• Purchase frequency – The average number of purchases your users make in a given time.
  • Cost per install – prices paid to acquire new users from paid ads. 

 These metrics can be configured in VWO. If you believe the numbers are not up to your expectations, it may be time to consider A/B testing pricing plans. Doing so can help you maximize revenue without risking losses.

Examples that you can try 

Example 1 – Giving a discounted annual pricing to subscribers

Strava, a popular fitness app, requires its users to pay monthly or annual subscription fees to access its advanced features. Customers can choose between monthly or yearly billing cycles, with the potential savings mentioned for the latter. This discount may incentivize users to opt for the annual plan.

Example 2 – Displaying dynamic pricing with a time limit

Heads Up! is a popular game where players hold a mobile device up to their forehead and try to guess the word or phrase that appears on the screen based on their friends’ clues. Notice how the original price is crossed out, and a time limit is displayed to create a sense of urgency and encourage users to act quickly.

You can create effective app tests based on these pricing display methods.

Tests that can be devised

Let’s say you want to increase the number of transactions/paid subscriptions on your app. The following are the test ideas you can experiment with.

Test 1 Idea

Hypothesis 1: Showing potential savings for a subscription plan will encourage users to opt for the longer one. 

Control: Monthly subscription plan and annual subscription plan. 

Variation: Monthly and yearly subscriptions have potential savings for both plans mentioned. 

Test 2 Idea

Hypothesis 2: Psychological tactics like urgency and striking out the original price can increase the number of users opting for this discount offer. 

Control: A simple discount banner with a new price written out. 

Variation: A vibrant discount banner with the original price struck out, the discounted price displayed, and a timer indicating the availability of the offer.

Let’s explore a more advanced approach called the multi-armed bandit (MAB) for one of the experiments we discussed earlier, such as the discount test inspired by the Heads Up example. Unlike the A/B tests we previously discussed, the multi-armed bandit approach is a bit more complex and involves a different methodology.

Suppose you have a time-sensitive discount offer with multiple variations to test, and you need to identify the best-performing variation as quickly as possible to minimize opportunity loss. Unlike A/B tests focused on determining the best variation, MAB focuses on getting to the better variation faster. When the optimization window is small, MAB is more suited to minimize opportunity loss in pricing, discounts, subscriptions, etc. In such cases, visitors who are served the second-best variation and don’t convert constitute lost revenue opportunities since they may have converted if they were part of the winning variation. You can learn more about MAB on VWO here.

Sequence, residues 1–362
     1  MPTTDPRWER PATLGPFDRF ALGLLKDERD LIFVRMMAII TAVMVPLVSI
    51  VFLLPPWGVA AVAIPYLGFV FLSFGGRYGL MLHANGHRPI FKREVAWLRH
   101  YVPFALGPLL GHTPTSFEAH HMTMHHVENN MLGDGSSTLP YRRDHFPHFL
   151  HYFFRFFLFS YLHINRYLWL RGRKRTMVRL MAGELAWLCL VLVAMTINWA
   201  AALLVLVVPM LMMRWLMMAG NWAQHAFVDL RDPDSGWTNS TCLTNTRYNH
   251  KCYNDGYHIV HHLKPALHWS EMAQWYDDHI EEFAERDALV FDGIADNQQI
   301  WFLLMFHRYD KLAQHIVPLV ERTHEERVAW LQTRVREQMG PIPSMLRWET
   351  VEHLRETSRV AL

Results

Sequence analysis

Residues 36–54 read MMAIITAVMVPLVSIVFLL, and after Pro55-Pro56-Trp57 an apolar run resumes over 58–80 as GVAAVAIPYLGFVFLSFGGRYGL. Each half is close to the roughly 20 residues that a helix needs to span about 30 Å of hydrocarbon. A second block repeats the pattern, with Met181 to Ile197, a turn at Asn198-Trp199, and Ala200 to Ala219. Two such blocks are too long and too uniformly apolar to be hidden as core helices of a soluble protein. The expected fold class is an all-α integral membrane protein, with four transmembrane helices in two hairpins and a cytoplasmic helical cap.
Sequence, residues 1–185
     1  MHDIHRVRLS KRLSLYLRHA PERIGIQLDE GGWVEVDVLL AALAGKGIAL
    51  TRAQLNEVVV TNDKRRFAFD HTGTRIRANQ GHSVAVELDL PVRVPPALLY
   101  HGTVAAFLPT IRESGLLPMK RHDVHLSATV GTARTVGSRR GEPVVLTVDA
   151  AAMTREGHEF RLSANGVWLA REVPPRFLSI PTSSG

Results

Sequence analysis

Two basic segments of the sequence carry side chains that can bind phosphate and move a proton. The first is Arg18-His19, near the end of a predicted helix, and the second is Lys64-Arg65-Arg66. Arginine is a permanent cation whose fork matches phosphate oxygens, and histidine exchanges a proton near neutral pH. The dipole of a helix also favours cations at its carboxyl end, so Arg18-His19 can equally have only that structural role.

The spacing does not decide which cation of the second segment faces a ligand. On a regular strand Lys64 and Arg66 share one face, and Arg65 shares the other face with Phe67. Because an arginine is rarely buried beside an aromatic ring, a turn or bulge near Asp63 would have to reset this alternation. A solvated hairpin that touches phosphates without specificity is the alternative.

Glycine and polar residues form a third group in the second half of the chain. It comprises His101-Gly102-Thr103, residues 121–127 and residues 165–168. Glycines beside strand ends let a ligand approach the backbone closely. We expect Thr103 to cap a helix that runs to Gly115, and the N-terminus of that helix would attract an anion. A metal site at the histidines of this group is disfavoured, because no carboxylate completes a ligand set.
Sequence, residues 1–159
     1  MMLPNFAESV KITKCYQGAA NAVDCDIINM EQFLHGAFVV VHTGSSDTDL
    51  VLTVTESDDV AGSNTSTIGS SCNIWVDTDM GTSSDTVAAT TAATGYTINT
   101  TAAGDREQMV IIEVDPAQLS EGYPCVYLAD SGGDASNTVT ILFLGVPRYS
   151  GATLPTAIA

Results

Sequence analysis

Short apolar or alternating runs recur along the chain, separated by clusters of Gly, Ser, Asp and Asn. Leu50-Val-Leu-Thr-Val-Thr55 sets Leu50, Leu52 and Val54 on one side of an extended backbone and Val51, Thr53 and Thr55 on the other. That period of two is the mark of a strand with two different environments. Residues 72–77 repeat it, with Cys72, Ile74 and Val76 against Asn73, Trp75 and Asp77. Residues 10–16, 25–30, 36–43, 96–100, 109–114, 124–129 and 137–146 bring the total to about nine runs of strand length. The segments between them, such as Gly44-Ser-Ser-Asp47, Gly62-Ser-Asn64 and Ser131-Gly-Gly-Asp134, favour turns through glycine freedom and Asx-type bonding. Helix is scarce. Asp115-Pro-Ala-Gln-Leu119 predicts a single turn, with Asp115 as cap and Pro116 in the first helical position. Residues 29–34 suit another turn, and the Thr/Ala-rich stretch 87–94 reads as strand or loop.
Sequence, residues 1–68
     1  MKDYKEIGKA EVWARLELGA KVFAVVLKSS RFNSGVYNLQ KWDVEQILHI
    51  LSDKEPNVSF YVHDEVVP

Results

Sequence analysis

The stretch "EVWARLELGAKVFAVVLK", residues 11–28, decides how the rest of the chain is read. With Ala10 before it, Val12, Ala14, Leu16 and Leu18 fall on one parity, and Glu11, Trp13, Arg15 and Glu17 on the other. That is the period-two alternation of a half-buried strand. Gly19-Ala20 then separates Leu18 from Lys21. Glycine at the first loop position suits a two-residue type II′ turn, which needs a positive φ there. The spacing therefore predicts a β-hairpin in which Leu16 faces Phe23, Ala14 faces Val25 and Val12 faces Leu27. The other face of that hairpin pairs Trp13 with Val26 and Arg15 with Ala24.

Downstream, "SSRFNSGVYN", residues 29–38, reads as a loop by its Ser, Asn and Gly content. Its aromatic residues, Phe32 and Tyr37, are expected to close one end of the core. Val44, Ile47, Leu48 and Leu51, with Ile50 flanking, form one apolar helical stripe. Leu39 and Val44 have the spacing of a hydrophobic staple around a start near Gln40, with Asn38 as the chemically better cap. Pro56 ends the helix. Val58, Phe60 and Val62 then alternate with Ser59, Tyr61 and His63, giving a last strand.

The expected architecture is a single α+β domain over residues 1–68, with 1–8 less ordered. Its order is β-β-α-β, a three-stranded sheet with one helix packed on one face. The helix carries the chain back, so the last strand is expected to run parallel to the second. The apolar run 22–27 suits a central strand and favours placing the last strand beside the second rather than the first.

Accelerate your app success with awesome testing ideas!

We hope you found the A/B testing ideas discussed in this article helpful. However, great ideas are only beneficial when implemented correctly. So, if you’re looking for a platform that offers comprehensive functionalities like light-weight Android/iOS SDKs, 24*7 tech support for multiple languages, the ability to select custom audiences for tests, and gives you reliable, real-time reports, VWO Mobile App Testing should be your top choice. Further, with the full release of Mobile Insights quickly approaching, you can gain a more in-depth understanding of user behavior, improve conversion metrics, and, most importantly, enhance the overall user experience of your app. Request a free demo to see how VWO improves your mobile app users’ journey. 

Pratyusha Guha
Pratyusha Guha Hi, I’m Pratyusha Guha, associate manager - content marketing at VWO. For the past 5 years, I've written B2B content for various brands. My entry into CRO was through writing content about eCommerce optimization. Currently, I've broadened my expertise to write about conversion optimization across various industries, including SaaS, travel, e-learning, and more. I'm fascinated by user experience, and I enjoy writing content that empathizes with readers and helps them solve challenges. If you'd like to talk about life or just need a non-judgmental ear, I'm here to listen.